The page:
GF&P reduces elk licenses across the board for 2011BRANDON — After years of letting hunters take lots of elk, the South Dakota Game, Fish and Parks Commission followed the recommendations of its biologists Thursday and reduced the numbers of tags available for all of the elk seasons this fall.
BRANDON — After years of letting hunters take lots of elk, the South Dakota Game, Fish and Parks Commission followed the recommendations of its biologists Thursday and reduced the numbers of tags available for all of the elk seasons this fall.
“We had a very high harvest rate of cows (female elk),” Tom Kirschenmann, the top manager for big game in the state Wildlife Division, told the commission.
He said the larger harvests have helped to bring down the sizes of elk herds and, in turn, reduce the depredation suffered by landowners in some areas. A three-year study is near the finish of its first year for Black Hills big game.
Big horn sheep have been hurt by pneumonia and deer herds have felt the effects of harvest from hunters. One purpose of the study is to determine the effects of mountain lions preying on the elk, sheep and deer, according to Kirschenmann.
Elk tags, especially those for any elk which are used primarily by hunters for taking trophy bulls, traditionally have been some of the most-sought and highest-prized hunting licenses available to South Dakota sportsmen. The licenses are distributed through a special randomdrawing system.
The commission agreed to trim the numbers of tags for:
• Archery elk by seven anyelk and 12 antlerless elk, to 89 and 37.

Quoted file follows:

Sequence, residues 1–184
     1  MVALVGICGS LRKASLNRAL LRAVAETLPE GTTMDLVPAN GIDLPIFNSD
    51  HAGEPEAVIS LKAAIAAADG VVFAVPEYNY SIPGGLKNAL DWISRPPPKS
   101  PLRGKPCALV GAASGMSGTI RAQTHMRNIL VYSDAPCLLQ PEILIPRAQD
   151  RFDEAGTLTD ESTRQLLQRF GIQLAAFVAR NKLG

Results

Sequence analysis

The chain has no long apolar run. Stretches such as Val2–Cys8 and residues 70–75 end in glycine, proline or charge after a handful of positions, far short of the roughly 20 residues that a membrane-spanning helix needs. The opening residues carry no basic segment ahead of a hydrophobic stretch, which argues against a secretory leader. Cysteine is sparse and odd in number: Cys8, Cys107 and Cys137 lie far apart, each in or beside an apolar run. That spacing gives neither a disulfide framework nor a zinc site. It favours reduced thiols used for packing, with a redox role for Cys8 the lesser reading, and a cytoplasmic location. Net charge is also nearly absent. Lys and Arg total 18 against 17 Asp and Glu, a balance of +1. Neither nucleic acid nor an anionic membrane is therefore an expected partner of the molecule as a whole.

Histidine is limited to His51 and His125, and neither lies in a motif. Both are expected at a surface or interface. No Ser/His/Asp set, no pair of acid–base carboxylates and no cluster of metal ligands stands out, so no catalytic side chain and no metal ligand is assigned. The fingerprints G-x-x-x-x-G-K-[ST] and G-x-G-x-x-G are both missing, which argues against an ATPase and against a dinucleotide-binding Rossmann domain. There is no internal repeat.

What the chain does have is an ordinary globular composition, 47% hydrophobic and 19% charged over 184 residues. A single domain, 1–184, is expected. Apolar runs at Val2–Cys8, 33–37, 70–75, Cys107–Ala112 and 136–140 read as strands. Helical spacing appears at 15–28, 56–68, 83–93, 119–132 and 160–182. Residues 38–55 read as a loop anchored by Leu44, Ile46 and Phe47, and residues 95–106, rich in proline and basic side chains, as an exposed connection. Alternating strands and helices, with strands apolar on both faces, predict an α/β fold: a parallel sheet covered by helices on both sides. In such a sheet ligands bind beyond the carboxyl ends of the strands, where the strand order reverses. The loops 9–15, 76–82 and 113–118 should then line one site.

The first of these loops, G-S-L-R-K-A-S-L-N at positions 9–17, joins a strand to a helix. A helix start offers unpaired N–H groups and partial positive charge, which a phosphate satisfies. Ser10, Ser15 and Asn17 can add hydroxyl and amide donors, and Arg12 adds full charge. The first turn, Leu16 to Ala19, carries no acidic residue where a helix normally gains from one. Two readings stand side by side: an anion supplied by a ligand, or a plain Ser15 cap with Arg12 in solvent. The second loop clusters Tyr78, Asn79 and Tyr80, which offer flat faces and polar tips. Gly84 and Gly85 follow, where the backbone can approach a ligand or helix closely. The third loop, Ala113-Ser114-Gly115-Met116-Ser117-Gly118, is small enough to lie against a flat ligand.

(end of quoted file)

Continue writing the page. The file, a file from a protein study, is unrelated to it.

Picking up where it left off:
• Black Hills firearms elk by 25 any-elk and 175 antlerless elk, to 470 and 395.
• Prairie firearms elk by one any-elk and seven antlerless elk, to 49 and 79.
• Custer State Park early archery by two any-elk licenses, to three.
• Custer State Park firearms elk by 10 any-elk, to 11.
• Custer State Park late archery elk by 15 any-elk, to 15.
• Close the special antlerless elk season in Custer State Park, which had five licenses available in 2010.
That special antlerless season in the park is an example of how conditions have changes. In 2005 and 2006, there were 100 licenses available each season and more than 4,000 hunters applied for them. In 2006, the tags were reduced to 60; in 2008, 40; in 2009, 20; and in 2010, five. There were still more than 4,000 applicants every year, even as the numbers went down.
Overall in the park, there were 199 licenses available in 2006 for all of the elk seasons. For 2011, there will be just 29. The Black Hills general season had 2,470 licensed hunters in 2006 and will have just 865 this fall.
For all of the seasons combined in 2010, there were 673 elk harvested: Archery elk 38; Black Hills 560; Prairie elk 55; Custer early archery none; Custer general 16; Custer late archery none; and Custer special antlerless four.
Back in 2006, the numbers of elk harvested among the seasons totaled more 1,500.